• Xagent binaries are often compiled for specific targets, with a special choice of modules and communication channels


A brief list of X-Agent's capabilities can be found on Mitre's ATT&CK wiki here.

XTunnel/X-Tunnel/

CrowdStrike shared samples of the recovered binaries with members of the security community. In July, security expert Pat Belcher of Invincea did an analysis of this iteration of X-Tunnel:

Tunnel of Gov: DNC Hack and the Russian XTunnel


Crowdstrike released the hashes of binaries found for both the Cozy Bear and the Fancy Bear breaches. In this blog, we are going to discuss the capabilities of the Fancy Bear XTunnel binary, which posed as a file called “vmupgradehelper.exe.” Its MD5 is 9e7053a4b6c9081220a694ec93211b4e, and you can view its capabilities online here.

Invincea uses its DARPA-funded deep learning to automatically analyze and extract known capabilities of malware based on matching strings to StackOverflow definitions, and where possible, cluster them into related families of malware based on similarities of design and function. The XTunnel malware used by Russian threat actor Fancy Bear did not cluster with other known malware, meaning this binary was likely a purpose-built original piece of code to be used specifically against the DNC. However, while it may not cluster, it certainly does list its capabilities.

The XTunnel tool having VPN-style capabilities of course uses encryption, including exchanging SSH keys, using private encryption keys, compresses and decompresses data, etc. However, the remaining functionality and configurability of the XTunnel tool spelled doom for the DNC. The tool supports access to locally stored passwords and can even access the LDAP server. It is modular, so it can download additional files, probe the network for open ports, PING hosts and send and receive emails.


X-Tunnel started out back in 2004 as an open source utility from a Chinese VoIP company called Xten. The project became closed source later when the Xten was folded into its parent company. While that early code formed the early basis for Fancy Bear's proprietary X-Tunnel — as is the case with dogs and bears, who have also have a common ancestor — it's evolved into a whole new animal.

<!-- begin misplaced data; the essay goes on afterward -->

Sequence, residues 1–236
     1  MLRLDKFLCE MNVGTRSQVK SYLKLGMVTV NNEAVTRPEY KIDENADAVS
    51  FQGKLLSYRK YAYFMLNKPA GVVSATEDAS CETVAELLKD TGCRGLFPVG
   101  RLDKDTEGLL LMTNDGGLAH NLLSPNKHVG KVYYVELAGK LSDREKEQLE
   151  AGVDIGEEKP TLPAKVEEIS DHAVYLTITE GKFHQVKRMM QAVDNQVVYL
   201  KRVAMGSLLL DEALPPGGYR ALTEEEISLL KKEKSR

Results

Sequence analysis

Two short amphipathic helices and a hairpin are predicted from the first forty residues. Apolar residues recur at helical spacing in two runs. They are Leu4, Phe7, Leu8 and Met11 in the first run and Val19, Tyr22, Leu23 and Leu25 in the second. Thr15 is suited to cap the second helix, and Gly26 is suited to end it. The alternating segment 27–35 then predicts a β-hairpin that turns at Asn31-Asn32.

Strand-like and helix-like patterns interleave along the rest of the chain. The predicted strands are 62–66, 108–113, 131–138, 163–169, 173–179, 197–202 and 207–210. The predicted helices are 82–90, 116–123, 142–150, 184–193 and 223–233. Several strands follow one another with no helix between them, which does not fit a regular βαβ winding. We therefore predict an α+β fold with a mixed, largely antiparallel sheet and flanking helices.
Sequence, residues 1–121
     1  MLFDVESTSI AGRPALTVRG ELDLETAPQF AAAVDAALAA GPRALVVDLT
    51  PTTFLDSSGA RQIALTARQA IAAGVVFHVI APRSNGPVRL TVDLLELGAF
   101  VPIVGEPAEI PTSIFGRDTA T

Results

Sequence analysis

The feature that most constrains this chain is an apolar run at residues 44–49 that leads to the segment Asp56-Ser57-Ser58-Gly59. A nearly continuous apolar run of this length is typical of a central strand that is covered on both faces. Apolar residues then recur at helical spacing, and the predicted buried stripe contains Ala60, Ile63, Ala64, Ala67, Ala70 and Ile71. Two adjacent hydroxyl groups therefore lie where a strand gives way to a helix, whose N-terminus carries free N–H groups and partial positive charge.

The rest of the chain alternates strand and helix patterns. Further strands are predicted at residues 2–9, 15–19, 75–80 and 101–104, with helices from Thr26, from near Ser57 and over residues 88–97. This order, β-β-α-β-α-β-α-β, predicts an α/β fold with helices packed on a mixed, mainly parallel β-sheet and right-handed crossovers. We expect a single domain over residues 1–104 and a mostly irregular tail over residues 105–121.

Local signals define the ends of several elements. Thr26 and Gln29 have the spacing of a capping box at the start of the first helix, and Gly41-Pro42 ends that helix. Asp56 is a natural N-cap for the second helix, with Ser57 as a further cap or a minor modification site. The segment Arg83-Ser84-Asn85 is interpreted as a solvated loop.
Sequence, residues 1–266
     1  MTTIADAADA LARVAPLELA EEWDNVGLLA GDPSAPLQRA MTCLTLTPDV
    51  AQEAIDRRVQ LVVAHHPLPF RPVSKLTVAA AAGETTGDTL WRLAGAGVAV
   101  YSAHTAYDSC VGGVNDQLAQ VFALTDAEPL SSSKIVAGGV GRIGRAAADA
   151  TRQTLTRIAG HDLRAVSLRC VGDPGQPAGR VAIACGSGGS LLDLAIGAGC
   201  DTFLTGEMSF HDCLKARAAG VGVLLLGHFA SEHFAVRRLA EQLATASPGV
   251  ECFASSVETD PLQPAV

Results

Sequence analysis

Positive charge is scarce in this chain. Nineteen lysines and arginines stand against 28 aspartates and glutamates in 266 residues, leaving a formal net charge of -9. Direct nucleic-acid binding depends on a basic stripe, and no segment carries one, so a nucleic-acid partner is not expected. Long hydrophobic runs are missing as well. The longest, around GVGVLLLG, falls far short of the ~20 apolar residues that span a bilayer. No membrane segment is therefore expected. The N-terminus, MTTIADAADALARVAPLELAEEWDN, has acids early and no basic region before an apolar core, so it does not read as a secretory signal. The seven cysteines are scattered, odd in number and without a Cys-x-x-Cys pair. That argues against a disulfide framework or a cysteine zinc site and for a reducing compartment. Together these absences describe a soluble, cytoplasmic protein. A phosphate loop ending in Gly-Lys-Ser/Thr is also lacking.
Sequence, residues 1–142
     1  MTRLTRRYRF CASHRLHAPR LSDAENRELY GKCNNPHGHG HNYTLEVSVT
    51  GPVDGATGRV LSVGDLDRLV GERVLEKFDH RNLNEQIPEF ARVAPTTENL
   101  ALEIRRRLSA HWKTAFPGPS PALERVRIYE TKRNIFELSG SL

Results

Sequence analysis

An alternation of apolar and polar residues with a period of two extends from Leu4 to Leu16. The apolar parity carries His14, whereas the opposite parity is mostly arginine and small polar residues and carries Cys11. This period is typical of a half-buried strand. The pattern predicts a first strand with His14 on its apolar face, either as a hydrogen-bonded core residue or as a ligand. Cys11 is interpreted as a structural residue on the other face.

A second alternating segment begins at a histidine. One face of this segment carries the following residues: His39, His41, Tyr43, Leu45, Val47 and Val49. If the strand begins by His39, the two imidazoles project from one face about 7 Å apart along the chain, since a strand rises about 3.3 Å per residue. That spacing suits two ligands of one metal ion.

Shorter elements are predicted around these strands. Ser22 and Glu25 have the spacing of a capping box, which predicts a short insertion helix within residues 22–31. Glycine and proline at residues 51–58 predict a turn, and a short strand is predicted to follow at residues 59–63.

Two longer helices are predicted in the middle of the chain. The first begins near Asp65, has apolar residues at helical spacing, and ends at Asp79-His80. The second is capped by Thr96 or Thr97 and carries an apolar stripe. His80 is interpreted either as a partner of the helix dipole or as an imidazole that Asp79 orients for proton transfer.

edit on 2016-12-14 by theantediluvian because: (no reason given)



posted on Dec, 14 2016 @ 01:46 AM
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Also from the IOC table at the bottom of Alperovitch's post are the destination IP addresses and ports of the implants' command and control (C2) node. You'll notice that the port used in each case is 443 (HTTPS):



The first IP address is owned by a Swedish VPS company called Yourserver which accepts among other payment types, Bitcoin (BTC). The next is owned by Vultr, another VPS provider, which appears to be based in San Jose but has servers in Paris, Frankfurt, London and Amsterdam. Interesting Vultr has per hour billing. Starting in October of 2014, Vultr accepted payments in BTC but stopped in April of 2016 because:


"significant portion of ToS violators paying with Bitcoin."


The last address belongs to another hosting outfit, Swiftway Communications (Swiftway.net), which has operations in Europe & the US. It's unclear if they do or have taken BTC or another cryptocurrency. While it's always possible that the C2 nodes could be themselves compromised systems, there is good reason to believe that the Vultr host was not. This additional information comes from ThreatConnect in a post from June 17, 2016.

Rebooting Watergate: Tapping into the Democratic National Committee


In building upon Crowdstrike’s analysis, ThreatConnect researched and shared 20160614A: Russia-based groups compromise Democratic National Committee within the ThreatConnect Common Community. This incident includes the IP address 45.32.129[.]185 which Crowdstrike lists as a FANCY BEAR X-Tunnel implant Command and Control (C2) node.

Using ThreatConnect’s Farsight passive DNS integration to review the resolution history for 45.32.129[.]185 we uncovered some additional domain resolutions. One of these domain resolutions is the suspicious domain misdepatrment[.]com (note the transposition of the “t” and the “r” in department).

In reviewing the Domain Whois information, our DomainTools integration reveals that the domain was registered on March 22, 2016 by frank_merdeux@europe[.]com.

The domain misdepatrment[.]com was registered on March 22, 2016. Farsight lists the earliest domain resolution as March 24, 2016. On April 24th, 2016 the domain misdepatrment[.]com moved from the parking IP Address 5.135.183[.]154 to the FANCY BEAR Command and Control IP Address 45.32.129[.]185 where it remains resolved at of the time of this writing.

It is important to note that within the Crowdstrike blog, the authors make two key distinctions:

“This group is known for its technique of registering domains that closely resemble domains of legitimate organizations they plan to target.”

The domain misdepatrment[.]com closely resembles the legitimate domain for misdepartment.com. Of note, MIS Department Inc. is a technology services provider that lists a variety of clients on its website, one of which is the DNC. Their staff profiles include individuals who provided technical leadership and expertise to the Obama-Biden Campaigns as well as the DNC. Any attacker targeting a particular victim would find the most success targeting organizations and individuals who have administrative access across enterprise assets.